Video Gallery

Solar 'Conveyor Belt' Runs at Record-High Speeds
03.12.10
 
Solar flares › View video (Windows, streaming)
This movie shows the association of magnetic field with sunspots and coronal loops. It begins with images in "white light" (visible light) from the ESA/NASA SOHO Mission MDI instrument showing the presence of sunspots (darker, cooler regions about the size of the Earth) and the 27-day rotation of the sun. The movie then dissolves to magnetic images from MDI showing how strong magnetic fields are associated with sunspots but weaker magnetic elements are always present and in constant motion. (White represents field directed out of the Sun while black represents field directed into the sun.) The movie then dissolves to images obtained in extreme ultraviolet light by the EIT instrument on SOHO. This reveals the hot coronal loops that are associated with the magnetic features. The movie ends with a zoom-in to a single region which is followed as it rotates across the visible disk of the sun by the extreme ultraviolet imaging instrument on the NASA TRACE spacecraft. This final segment illustrates how the constant motion of the magnetic elements produces impulsive heating of material in the coronal magnetic loops.
Credit: NASA/MSFC/David Hathaway

Solar flares › View video (Windows, streaming)

This movie shows how the sun's magnetic field evolves over three solar cycles using maps of the solar surface magnetic field obtained by the National Solar Observatory. It begins with a series of magnetic images obtained over a 27-day rotation of the Sun and shows how a magnetic map of the surface is “peeled” off of the sun. Yellow represents magnetic field directed out of the Sun. Blue represents magnetic field into the sun. These maps are then animated to show the sudden emergence of magnetic regions (sunspots) in two bands on either side of the equator. These bands of activity drift toward the equator during each of the three 11-year solar cycles encompassed by this movie. This movie also reveals the flow of magnetic elements across the solar surface. Magnetic elements near the equator drift off to the right while magnetic elements near the poles drift off to the left. This is differential rotation -- the equatorial regions rotate faster than average while the polar regions rotate slower than average. Magnetic elements can also be seen drifting off toward the poles in each hemisphere. This is the meridional flow -- flow from the equator toward the poles.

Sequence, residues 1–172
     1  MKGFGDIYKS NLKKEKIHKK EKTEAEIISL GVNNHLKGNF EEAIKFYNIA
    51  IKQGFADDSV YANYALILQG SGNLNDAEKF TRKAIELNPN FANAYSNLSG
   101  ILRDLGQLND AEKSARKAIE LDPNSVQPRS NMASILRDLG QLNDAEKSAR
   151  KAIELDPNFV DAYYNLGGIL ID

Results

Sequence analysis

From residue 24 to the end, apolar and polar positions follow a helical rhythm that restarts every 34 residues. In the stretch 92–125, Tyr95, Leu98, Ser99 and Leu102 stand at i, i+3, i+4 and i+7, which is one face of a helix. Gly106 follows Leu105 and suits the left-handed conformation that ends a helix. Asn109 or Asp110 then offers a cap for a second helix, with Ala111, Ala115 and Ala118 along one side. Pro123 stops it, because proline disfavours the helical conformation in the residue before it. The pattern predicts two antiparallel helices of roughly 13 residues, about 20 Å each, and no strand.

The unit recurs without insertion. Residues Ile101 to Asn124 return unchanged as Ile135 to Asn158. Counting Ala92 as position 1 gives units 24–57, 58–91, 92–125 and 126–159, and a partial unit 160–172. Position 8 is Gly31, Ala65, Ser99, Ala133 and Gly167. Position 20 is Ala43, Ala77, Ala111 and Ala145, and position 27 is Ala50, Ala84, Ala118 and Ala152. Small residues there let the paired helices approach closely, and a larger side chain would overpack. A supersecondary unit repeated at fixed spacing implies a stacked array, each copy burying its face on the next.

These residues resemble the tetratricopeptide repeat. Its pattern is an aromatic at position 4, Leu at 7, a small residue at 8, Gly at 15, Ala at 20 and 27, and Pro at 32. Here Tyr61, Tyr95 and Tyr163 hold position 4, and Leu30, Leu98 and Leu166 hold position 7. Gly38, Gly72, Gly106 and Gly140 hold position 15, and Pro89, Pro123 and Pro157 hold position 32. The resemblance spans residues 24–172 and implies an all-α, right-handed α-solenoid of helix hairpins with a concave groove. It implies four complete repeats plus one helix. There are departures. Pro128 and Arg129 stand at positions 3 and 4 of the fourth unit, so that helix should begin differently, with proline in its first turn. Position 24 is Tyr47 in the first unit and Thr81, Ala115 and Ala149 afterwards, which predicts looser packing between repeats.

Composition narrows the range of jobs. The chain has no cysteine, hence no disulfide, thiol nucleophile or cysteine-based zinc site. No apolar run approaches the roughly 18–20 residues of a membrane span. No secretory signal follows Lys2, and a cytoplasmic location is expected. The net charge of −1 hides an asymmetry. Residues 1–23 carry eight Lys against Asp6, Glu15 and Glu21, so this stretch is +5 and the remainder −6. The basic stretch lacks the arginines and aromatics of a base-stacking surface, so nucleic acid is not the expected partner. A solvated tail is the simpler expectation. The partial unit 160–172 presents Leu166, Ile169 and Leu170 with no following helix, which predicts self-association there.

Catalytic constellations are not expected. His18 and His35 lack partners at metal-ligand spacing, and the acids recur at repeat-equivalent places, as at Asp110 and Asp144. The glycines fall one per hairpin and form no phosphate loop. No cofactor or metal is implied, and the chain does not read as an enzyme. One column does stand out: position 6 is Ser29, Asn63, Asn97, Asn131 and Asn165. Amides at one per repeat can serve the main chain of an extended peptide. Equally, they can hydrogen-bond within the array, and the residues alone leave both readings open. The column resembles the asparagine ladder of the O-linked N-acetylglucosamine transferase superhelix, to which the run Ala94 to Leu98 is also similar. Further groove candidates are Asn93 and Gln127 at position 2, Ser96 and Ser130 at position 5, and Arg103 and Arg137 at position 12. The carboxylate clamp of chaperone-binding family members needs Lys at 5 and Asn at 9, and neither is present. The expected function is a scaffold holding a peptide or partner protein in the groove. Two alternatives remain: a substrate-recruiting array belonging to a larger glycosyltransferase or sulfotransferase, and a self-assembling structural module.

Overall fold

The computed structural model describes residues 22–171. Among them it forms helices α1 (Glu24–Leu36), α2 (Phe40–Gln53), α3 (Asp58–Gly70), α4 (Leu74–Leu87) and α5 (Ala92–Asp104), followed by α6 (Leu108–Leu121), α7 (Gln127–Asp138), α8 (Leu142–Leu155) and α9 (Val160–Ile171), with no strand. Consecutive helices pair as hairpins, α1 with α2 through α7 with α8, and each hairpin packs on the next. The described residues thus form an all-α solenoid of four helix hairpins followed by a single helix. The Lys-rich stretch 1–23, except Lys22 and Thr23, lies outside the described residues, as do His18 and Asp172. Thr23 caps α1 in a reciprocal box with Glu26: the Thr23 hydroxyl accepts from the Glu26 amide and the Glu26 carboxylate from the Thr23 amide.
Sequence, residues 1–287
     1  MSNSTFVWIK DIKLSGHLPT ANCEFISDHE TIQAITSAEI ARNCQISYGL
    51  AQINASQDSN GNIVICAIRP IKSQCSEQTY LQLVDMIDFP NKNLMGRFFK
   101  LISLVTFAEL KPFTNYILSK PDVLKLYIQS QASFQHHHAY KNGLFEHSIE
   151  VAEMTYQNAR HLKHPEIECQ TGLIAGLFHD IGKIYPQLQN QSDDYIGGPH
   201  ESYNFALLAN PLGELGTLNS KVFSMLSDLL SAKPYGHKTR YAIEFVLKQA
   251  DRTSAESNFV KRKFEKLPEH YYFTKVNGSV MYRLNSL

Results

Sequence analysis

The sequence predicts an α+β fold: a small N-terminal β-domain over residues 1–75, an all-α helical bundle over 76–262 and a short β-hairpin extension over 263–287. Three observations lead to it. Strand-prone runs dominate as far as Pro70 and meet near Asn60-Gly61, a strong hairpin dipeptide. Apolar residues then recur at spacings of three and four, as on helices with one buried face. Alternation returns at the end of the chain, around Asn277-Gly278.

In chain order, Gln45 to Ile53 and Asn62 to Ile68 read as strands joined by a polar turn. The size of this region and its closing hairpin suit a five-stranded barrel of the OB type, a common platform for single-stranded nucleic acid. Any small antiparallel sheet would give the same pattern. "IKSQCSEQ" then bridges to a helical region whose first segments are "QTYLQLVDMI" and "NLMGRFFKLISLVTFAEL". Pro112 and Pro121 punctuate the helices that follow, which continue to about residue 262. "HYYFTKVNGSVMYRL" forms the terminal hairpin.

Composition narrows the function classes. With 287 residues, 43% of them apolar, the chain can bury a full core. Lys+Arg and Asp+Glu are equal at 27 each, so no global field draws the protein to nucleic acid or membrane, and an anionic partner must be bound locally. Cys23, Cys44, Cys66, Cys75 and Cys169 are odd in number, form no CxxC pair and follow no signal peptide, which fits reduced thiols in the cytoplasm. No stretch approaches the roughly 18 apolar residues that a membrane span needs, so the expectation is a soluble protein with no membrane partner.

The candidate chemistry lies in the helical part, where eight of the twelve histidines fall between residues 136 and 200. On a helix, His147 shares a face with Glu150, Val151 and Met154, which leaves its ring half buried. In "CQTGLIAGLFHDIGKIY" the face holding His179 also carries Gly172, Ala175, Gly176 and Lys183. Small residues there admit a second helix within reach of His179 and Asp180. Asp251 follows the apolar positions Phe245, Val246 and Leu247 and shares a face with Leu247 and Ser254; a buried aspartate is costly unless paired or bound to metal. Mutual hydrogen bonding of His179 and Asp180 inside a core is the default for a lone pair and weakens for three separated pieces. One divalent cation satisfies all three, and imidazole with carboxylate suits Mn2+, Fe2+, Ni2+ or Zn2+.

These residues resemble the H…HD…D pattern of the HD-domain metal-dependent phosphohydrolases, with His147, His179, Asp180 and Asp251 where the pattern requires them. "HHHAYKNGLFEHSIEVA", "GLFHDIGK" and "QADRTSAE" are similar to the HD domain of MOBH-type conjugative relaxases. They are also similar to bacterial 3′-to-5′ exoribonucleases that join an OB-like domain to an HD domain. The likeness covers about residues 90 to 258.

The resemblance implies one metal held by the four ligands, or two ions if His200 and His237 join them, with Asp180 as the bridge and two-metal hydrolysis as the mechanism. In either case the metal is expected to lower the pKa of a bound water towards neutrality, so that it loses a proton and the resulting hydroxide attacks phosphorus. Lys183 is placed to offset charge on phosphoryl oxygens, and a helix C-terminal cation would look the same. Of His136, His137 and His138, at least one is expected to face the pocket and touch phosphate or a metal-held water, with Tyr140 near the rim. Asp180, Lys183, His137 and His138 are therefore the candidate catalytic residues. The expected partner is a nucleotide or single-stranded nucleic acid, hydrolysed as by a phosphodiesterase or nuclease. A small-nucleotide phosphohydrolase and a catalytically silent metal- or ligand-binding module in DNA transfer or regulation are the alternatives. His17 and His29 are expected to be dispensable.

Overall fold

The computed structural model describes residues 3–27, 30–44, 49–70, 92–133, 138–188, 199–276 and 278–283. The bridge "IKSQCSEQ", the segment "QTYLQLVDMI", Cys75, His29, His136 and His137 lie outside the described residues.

Credit: NASA/MSFC/David Hathaway